The group never added a bass player, and their sound was dominated by Manzarek's electric organ work and Morrison's deep, sonorous voice, with which he sang and intoned his highly poetic lyrics. The group signed to Elektra Records in 1966 and released its first album, The Doors, featuring the hit "Light My Fire," in 1967.
Like "Light My Fire," the debut album was a massive hit, and endures as one of the most exciting, groundbreaking recordings of the psychedelic era. Blending blues, classical, Eastern music, and pop into sinister but beguiling melodies, the band sounded like no other. With his rich, chilling vocals and somber poetic visions, Morrison explored the depths of the darkest and most thrilling aspects of the psychedelic experience. Their first effort was so stellar, in fact, that the Doors were hard-pressed to match it, and although their next few albums contained a wealth of first-rate material, the group also began running up against the limitations of their recklessly disturbing visions. By their third album, they had exhausted their initial reservoir of compositions, and some of the tracks they hurriedly devised to meet public demand were clearly inferior to, and imitative of, their best early work.
On The Soft Parade, the group experimented with brass sections, with mixed results. Accused (without much merit) by much of the rock underground as pop sellouts, the group charged back hard with the final two albums they recorded with Morrison, on which they drew upon stone-cold blues for much of their inspiration, especially on 1971's L.A. Woman.
From the start, the Doors' focus was the charismatic Morrison, who proved increasingly unstable over the group's brief career. In 1969, Morrison was arrested for indecent exposure during a concert in Miami, an incident that nearly derailed the band. Nevertheless, the Doors managed to turn out a series of successful albums and singles through 1971, when, upon the completion of L.A. Woman, Morrison decamped for Paris. He died there, apparently of a drug overdose. The three surviving Doors tried to carry on without him, but ultimately disbanded. Yet the Doors' music and Morrison's legend continued to fascinate succeeding generations of rock fans: in the mid-'80s, Morrison was as big a star as he'd been in the mid-'60s, and Elektra has sold numerous quantities of the Doors' original albums plus reissues and releases of live material over the years, while publishers have flooded bookstores with Doors and Morrison biographies. In 1991, director Oliver Stone made The Doors, a feature film about the group starring Val Kilmer as Morrison.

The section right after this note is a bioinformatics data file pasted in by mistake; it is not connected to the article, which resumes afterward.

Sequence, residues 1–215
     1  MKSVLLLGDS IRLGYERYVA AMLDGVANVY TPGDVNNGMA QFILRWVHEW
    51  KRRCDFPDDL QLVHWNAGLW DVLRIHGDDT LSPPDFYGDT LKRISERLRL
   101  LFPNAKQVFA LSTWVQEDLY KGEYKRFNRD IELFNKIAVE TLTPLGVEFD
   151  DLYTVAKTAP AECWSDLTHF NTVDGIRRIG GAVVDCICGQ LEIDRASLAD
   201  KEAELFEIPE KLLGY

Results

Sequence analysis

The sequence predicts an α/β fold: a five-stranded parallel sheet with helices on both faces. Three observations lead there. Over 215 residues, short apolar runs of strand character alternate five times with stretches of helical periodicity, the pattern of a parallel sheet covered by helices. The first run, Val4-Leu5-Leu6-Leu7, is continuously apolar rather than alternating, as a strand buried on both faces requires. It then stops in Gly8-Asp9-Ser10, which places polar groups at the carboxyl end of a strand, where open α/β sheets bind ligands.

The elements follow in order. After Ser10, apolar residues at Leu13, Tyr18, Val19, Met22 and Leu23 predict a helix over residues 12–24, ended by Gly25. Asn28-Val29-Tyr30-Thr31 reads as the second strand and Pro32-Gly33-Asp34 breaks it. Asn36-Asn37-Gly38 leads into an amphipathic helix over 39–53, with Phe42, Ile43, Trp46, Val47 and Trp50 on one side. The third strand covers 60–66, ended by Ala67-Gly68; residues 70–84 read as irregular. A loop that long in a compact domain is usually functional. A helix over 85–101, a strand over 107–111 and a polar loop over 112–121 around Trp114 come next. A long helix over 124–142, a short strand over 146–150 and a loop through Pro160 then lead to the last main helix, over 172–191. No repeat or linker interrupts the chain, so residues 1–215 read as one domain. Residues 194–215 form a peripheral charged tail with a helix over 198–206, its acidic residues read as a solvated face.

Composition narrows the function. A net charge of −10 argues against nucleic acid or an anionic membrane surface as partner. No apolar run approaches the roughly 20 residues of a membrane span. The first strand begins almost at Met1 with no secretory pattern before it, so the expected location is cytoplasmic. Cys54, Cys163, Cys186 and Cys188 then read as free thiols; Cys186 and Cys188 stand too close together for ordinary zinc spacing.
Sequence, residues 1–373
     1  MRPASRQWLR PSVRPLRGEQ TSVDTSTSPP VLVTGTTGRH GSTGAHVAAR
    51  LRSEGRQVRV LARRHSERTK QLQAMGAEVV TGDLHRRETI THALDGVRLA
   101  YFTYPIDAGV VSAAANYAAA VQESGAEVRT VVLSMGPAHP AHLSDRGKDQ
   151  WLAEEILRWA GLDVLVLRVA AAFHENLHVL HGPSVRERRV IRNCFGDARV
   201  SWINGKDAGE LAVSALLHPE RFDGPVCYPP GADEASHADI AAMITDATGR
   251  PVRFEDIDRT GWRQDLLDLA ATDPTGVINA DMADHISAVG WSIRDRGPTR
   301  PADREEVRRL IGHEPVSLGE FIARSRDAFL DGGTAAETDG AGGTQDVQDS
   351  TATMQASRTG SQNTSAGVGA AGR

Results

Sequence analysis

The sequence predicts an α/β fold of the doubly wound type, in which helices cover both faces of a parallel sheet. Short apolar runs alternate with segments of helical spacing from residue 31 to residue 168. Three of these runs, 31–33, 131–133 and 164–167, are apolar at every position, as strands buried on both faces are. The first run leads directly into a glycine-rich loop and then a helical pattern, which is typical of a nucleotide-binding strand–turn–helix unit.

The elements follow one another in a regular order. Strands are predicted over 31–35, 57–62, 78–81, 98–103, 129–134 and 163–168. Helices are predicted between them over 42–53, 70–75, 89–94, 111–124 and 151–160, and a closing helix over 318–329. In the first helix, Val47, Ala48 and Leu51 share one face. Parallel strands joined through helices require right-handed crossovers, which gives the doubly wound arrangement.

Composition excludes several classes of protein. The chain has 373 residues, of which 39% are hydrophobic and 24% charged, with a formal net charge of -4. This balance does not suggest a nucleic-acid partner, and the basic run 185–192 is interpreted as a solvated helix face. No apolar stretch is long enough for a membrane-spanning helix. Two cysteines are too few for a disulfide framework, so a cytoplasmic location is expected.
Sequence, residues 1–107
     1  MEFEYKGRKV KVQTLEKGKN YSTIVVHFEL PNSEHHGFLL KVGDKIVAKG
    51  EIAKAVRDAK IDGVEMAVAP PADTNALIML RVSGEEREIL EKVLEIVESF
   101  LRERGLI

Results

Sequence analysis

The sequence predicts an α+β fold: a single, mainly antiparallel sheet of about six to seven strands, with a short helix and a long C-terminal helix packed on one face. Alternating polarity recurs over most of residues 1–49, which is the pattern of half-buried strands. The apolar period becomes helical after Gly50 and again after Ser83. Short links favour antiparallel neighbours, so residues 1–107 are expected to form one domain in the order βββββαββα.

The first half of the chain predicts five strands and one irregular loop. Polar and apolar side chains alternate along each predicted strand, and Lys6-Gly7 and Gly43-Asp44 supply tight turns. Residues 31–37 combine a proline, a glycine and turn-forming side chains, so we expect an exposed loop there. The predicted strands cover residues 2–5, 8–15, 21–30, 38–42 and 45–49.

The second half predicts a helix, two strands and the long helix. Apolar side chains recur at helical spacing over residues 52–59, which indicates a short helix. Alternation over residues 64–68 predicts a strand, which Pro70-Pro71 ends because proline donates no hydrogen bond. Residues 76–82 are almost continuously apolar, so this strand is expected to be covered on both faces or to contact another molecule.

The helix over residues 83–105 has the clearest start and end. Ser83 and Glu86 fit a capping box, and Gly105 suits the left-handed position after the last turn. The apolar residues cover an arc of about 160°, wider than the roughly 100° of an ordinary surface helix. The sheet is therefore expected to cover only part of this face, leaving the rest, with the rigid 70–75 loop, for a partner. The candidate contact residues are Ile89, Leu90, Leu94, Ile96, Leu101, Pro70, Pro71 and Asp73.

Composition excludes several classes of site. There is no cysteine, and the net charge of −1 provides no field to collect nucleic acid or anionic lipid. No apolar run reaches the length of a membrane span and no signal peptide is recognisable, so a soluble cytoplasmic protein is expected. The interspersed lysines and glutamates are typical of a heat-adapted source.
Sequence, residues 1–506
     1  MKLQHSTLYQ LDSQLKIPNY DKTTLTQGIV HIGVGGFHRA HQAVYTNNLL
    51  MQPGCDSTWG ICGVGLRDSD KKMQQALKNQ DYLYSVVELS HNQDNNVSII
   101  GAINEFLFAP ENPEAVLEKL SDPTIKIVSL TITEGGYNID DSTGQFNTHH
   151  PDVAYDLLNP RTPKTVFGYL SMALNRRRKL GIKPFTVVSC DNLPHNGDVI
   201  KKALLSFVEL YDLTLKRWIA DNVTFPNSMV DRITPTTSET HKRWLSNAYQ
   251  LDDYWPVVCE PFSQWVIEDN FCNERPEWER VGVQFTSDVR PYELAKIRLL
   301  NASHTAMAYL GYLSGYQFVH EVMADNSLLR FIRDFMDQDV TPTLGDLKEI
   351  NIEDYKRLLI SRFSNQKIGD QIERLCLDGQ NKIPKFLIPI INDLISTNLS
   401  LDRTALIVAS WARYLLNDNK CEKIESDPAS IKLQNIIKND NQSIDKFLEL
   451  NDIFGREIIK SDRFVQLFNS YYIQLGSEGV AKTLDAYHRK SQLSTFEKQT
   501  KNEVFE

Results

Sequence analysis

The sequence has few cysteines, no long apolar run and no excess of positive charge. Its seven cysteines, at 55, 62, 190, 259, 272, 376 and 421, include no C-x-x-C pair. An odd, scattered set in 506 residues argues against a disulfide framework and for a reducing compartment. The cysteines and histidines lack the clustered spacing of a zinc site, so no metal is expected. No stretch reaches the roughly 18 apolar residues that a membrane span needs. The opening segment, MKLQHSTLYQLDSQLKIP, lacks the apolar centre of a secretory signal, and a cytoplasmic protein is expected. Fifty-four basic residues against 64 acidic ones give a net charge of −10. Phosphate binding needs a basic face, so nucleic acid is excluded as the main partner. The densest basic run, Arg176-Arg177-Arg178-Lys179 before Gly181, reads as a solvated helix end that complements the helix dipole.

The remaining three members of the Doors -- Manzarek, Densmore, and Krieger -- were involved in various musical activities in the decades following Morrison's death but never saw successes approaching the levels of the original Doors. After the turn of the millennium, Manzarek and Krieger performed live under the name Doors of the 21st Century with singer Ian Astbury of the Cult handling vocals; a legal battle ensued when Densmore filed suit against his former bandmates over use of the Doors name. Ray Manzarek died in May 2013 in Rosenheim, Germany after battling bile duct cancer; he was 74 years old. On February 12, 2016, Krieger and Densmore reunited as a tribute to Manzarek at the benefit concert Stand Up to Cancer. Later that year, the earliest known live tapes of the Doors were released as London Fog 1966, and early in 2017 the Doors celebrated their 50th anniversary with deluxe reissues of their debut album and Strange Days, along with a new compilation called Singles. ~ William Ruhlmann & Richie Unterberger, Rovi